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July 29, 2014
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Top tips for saving energy

By Kevin Kearney

Most, if not all, homeowners would fix a window broken by a wayward softball. What many people don’t know, though, is that there are often small air breaches in many different places of the home that, if combined, could easily be the size of a softball or bigger. As a result, much energy, and many dollars, can be lost.

This was just one of many facts presented by SEEDS and Pennsylvania Power and Light (PPL) during a recent workshop addressing techniques homeowners can use to be more energy efficient. “We’re just here to offer quick and easy ideas to save energy at your homes,” said Jocelyn Cramer, executive director of Honesdale, PA-based SEEDS, or Sustainable Energy Education & Development Support. About two dozen people attended the free workshop at the PPL Learning Center in October, which is Energy Awareness Month.

SEEDS is a nonprofit organization committed to developing a local renewable energy infrastructure and promoting more sustainable living. It also offers a free home energy assessment program each summer to residents of Wayne and Pike counties.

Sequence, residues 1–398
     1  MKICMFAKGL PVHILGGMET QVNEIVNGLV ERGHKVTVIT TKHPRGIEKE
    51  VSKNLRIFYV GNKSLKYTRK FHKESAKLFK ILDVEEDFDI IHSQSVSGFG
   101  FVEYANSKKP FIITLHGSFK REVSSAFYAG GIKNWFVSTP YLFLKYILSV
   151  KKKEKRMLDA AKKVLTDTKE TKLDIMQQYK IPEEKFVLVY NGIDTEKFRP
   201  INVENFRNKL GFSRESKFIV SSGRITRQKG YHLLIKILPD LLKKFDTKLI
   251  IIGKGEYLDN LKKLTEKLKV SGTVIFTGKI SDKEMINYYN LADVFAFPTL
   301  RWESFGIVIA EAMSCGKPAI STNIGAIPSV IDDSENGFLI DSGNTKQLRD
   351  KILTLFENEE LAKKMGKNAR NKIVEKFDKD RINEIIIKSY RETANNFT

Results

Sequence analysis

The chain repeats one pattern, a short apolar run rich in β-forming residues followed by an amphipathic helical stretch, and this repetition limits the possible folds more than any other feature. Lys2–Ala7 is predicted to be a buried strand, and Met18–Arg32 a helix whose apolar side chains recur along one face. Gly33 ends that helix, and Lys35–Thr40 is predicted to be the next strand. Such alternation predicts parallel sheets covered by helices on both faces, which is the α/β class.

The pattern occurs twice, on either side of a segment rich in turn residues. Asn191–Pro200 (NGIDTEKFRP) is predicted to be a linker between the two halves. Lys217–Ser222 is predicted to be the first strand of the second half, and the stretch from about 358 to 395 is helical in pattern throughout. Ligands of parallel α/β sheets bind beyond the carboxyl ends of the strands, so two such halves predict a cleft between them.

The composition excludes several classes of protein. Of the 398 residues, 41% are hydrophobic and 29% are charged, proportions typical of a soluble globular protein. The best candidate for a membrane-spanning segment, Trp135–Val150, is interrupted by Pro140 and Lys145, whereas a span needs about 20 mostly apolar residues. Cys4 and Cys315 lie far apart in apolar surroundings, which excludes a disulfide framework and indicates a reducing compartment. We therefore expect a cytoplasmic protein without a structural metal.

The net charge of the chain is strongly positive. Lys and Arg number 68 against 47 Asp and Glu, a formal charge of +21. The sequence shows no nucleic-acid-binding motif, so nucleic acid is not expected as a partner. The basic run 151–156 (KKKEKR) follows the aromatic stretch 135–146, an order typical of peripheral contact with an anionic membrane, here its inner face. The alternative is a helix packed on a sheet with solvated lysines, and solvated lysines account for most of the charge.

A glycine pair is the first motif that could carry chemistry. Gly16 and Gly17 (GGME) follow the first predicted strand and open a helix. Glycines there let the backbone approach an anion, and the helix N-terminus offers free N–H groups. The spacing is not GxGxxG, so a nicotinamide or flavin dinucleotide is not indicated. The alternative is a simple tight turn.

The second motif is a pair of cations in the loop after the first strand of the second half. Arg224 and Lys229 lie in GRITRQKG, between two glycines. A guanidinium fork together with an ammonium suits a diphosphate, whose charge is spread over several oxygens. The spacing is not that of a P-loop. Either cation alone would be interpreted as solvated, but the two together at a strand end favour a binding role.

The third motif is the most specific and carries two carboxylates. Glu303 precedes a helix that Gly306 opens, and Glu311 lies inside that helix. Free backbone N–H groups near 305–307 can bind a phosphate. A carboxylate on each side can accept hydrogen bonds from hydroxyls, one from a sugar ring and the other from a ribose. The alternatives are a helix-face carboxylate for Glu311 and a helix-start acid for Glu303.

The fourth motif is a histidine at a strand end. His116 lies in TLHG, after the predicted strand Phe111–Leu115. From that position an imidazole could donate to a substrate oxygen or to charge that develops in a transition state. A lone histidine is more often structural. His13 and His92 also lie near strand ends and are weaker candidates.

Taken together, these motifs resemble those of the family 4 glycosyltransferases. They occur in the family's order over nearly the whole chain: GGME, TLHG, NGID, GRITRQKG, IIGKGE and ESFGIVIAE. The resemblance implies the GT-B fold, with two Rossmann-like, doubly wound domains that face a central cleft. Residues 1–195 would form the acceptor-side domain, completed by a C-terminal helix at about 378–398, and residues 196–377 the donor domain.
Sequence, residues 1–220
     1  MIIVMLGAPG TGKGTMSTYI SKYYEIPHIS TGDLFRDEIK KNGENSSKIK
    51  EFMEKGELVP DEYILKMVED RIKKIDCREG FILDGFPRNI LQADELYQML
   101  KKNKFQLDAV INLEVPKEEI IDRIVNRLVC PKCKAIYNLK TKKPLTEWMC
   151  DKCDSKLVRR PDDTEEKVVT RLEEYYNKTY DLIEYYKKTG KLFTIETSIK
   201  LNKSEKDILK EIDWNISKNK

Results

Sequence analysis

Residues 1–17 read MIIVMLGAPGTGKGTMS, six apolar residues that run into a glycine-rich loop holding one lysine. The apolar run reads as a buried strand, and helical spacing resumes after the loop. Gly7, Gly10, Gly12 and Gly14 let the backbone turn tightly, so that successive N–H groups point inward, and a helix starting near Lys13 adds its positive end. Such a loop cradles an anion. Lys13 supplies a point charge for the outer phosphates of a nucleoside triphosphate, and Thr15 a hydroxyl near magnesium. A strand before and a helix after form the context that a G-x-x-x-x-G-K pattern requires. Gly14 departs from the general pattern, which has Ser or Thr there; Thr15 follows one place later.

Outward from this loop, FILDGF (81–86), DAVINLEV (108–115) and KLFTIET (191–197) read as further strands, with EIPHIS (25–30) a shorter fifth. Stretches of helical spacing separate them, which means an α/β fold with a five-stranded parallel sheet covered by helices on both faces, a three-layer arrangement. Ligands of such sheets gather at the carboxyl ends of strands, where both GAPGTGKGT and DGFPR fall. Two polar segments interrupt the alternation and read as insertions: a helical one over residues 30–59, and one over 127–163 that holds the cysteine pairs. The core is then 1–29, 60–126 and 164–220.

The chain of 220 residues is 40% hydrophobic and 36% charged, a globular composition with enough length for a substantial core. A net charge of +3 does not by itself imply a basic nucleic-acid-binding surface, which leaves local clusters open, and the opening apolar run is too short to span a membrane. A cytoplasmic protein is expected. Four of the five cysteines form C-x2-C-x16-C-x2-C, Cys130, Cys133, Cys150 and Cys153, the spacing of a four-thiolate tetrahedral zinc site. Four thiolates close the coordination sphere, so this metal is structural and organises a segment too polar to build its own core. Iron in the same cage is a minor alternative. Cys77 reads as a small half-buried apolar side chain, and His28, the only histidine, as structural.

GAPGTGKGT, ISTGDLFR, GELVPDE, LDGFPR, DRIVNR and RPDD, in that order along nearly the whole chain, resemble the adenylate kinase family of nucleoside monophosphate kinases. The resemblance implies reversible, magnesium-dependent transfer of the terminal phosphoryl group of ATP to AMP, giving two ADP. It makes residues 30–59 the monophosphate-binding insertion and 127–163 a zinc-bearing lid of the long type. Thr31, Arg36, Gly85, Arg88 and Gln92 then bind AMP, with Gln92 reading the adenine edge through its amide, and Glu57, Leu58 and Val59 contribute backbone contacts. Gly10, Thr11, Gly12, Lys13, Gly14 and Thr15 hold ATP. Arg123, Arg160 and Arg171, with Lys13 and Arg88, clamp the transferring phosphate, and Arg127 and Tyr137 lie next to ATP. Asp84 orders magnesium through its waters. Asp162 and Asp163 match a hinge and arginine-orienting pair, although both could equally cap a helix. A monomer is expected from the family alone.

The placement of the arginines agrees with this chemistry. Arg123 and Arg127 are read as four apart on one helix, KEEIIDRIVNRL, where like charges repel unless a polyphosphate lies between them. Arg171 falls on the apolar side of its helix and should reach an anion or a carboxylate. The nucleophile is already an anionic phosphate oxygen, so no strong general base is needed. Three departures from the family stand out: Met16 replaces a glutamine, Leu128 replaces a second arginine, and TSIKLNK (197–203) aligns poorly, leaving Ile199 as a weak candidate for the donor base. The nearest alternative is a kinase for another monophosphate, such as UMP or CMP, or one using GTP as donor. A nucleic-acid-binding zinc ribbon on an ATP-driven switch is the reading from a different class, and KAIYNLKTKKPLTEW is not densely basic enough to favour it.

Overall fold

As for house windows, SEEDS volunteers Jim Sanders and Pete Snyder offered numerous tips that are both simple and inexpensive. They said homeowners should run their hands around windows and doors to feel where air is entering or escaping, and then use caulk to seal the spots.

“Caulking is extremely important,” Sanders said. He said caulk is inexpensive and easy and quick to apply. “None of this is very complicated,” he said. “And you’ll be saving energy and money.”

Another way to cut down on bills is to make sure a home is properly insulated. “Insulation is designed to keep heat in, not keep the cold out,” said SEEDS volunteer Phil Buckingham.

Buckingham talked about the importance of wrapping water pipes, which is “very easy and inexpensive to do,” especially with pre-made pipe wrap tubes. Wrapping hot water pipes will cut down on time waiting for hot water to reach the faucet. It also will reduce condensation and protect pipes from freezing, he said.

He also suggested homeowners wrap their water heaters in a water-heater blanket. Newer models have insulation inside the shell, but additional wrapping makes it cheaper to heat and can keep water hot longer in the event of a power outage.